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- Mike

Cool photos by other photographers

This page is a collection of photo ideas by other photographers.

On the front of today's New York Times is a nicely framed photo from Cairo by photojournalist Max Becherer. Becherer has been a war photographer in Iraq and Afghanistan and wrote this powerful essay about his memories from Iraq.

This is the coolest photo I've seen today, part of a project by California photographer Nate Bolt. He and friends aspire to create a giant jumbotron using iPads.

We're talking about portraits, and how the most important part of a portrait is catching some essence of the person you photograph. This photo by Jacko Vassilev hung on my wall for years, cut out of a calendar. It's titled Man from Racovitca, 1993. Vassilev, from Bulgaria, is apparently now working in the U.S.

For me, the best Street photography has a WTF?! moment to it. As in, what in the world is that person doing upside down and why is no one noticing?! This is a good example of the humor and decisive moment that you see in a lot of street photography. The photo is by Matt Stuart, who says "I am not sure which came first, being nosey or an interest in ‘street photography’, but a fascination with people and the way they live their lives is why I enjoy the business so much."

I am fascinated by this photo by Meridith Kohut in today's New York Times. Kohut is a photojournalist based in Caracas, Venezuela. There are so many layers to this image, but despite the complexity there is still a sense of visual order.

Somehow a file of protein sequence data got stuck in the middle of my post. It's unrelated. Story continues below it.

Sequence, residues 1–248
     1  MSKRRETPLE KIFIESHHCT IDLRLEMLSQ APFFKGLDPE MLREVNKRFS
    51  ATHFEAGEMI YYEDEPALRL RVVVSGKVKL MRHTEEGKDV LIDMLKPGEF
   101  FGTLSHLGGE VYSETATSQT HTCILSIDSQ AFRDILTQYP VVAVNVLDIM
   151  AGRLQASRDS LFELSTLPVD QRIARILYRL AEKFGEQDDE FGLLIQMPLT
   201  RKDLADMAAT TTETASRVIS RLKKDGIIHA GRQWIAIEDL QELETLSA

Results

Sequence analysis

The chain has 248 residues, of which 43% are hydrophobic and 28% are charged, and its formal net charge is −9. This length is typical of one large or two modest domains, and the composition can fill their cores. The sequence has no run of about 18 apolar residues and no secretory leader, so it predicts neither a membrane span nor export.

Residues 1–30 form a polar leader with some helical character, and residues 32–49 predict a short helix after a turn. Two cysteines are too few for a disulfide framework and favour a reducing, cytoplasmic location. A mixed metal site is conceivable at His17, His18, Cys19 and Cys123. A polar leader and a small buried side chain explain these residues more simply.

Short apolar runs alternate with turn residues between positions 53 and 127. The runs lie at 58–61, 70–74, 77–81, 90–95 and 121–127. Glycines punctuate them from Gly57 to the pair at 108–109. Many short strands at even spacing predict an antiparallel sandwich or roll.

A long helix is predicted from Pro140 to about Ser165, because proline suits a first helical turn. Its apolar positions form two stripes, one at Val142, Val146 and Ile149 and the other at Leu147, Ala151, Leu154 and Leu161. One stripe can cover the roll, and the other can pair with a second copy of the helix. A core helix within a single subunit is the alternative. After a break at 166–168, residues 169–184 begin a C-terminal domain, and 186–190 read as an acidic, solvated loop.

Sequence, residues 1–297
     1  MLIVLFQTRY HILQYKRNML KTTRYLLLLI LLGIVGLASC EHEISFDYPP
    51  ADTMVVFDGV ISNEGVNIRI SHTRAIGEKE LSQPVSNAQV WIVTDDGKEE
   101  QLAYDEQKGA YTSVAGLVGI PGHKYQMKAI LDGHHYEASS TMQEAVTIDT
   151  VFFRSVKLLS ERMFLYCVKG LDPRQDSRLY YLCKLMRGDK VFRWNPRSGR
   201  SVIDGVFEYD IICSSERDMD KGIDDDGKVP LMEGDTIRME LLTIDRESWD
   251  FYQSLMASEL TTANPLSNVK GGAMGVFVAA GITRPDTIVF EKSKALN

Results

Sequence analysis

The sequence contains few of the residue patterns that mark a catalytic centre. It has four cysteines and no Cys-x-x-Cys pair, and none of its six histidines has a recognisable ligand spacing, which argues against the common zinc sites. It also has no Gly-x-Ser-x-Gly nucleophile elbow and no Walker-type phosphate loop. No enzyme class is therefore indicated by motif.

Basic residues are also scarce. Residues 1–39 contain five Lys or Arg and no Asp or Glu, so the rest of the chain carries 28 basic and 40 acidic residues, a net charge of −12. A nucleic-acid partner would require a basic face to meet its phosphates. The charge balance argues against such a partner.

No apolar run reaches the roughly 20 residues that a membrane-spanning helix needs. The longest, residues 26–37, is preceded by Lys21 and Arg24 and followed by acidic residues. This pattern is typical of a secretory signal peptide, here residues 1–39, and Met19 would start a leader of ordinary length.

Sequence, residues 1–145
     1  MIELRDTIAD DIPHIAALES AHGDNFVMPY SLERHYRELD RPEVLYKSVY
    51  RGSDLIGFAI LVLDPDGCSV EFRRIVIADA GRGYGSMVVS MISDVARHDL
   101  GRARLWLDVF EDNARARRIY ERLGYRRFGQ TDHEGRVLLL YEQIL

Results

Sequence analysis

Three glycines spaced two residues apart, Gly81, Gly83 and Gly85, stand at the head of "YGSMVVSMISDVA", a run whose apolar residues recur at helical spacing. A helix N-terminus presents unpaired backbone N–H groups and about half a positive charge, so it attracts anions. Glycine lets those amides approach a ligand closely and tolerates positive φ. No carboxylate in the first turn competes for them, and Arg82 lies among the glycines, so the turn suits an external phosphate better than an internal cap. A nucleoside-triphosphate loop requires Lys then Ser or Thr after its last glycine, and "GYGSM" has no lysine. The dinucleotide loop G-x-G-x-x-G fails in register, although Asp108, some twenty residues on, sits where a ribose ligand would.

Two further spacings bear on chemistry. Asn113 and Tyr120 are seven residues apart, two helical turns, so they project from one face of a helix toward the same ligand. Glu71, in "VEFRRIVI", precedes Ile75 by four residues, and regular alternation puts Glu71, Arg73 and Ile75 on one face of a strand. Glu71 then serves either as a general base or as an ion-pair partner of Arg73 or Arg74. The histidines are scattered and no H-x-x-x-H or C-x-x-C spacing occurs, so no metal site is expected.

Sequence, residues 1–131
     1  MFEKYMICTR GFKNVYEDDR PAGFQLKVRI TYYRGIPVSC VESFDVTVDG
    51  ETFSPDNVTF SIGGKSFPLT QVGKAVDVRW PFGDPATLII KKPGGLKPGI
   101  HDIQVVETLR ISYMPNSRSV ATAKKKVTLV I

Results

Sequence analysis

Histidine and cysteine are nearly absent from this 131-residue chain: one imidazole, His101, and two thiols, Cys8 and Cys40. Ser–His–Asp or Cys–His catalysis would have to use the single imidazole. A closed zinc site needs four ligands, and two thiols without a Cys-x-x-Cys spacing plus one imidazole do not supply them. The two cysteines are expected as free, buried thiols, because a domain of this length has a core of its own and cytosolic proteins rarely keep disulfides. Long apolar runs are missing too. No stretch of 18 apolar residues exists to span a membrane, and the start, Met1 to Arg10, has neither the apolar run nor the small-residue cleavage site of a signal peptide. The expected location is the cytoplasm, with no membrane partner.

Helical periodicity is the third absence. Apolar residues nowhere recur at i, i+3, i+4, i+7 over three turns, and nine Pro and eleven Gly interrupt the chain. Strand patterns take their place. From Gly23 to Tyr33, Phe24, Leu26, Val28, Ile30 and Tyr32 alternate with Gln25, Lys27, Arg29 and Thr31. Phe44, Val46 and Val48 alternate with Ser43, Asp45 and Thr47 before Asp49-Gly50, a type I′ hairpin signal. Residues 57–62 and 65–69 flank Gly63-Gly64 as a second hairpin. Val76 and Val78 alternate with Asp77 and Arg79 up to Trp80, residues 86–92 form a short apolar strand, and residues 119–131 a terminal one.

Today I saw an ad for an exhibit with this image by Frank Herfort on it. Made me want to see the show. Herfort is a young German photographer who often photographs in Russia.

This photo from the New York Times (10/27/11), by Sim Chi Yin, is striking but not complicated to do. Directional light, from any source, can make a photo more interesting. I'd never heard of her before - but check out this interview and her website.

 I admit, I am a sucker for photos with a mix of lit subjects and silhouettes. This photo by New York photographer Sandy Albert is part of her series Ghosts Who Now Dance.

Jim Brandenburg is a nature photographer extraordinaire. This photo is from his North Woods Journal article he did for National Geographic in 1997, which later became the book Chased by the Light. I saw this photo almost 15 years ago and always remembered its beauty and simplicity. The clean graphic composition conveys the idea of a birch bark so well, it opened my eyes to noticing the details of nature around me.

What a great perspective! Photo by Luciano Candisani, a Brazilian photographer who specializes in wildlife photography. (This is a manatee in a marine mammal research center, Itamaraca Island, Pernambuco, Brazil.)

Wisconsin photojournalist Andy Manis shot this half-underwater photo by putting his camera in a fishtank and lowering the whole thing into a cranberry bog. More of Andy's photos here:
When I've tried this idea I discovered you need really clear water to make it work well. You also need to be quite close to the underwater subject.

Kendrick Brinson shot a whole series of collage portraits using a Polaroid camera and film. See more of the series here and other work here:

Scott Strazzante is a photographer for the Chicago Tribune. He put his camera on the curb during the 2010 Chicago Marathon and used a very long exposure to convey the motion of the runners. He has a photo blog here: .

Here's the technical data from Scott:
"I used a 17-35 zoom with 0.3 second exposure at f/22. I prefocused on the line of people on the other side of the street, set my camera down on the curb and laid on the shutter button. I guess the runners' feet are on the ground long enough to be captured at that shutter speed as their bodies moved forward. No flash."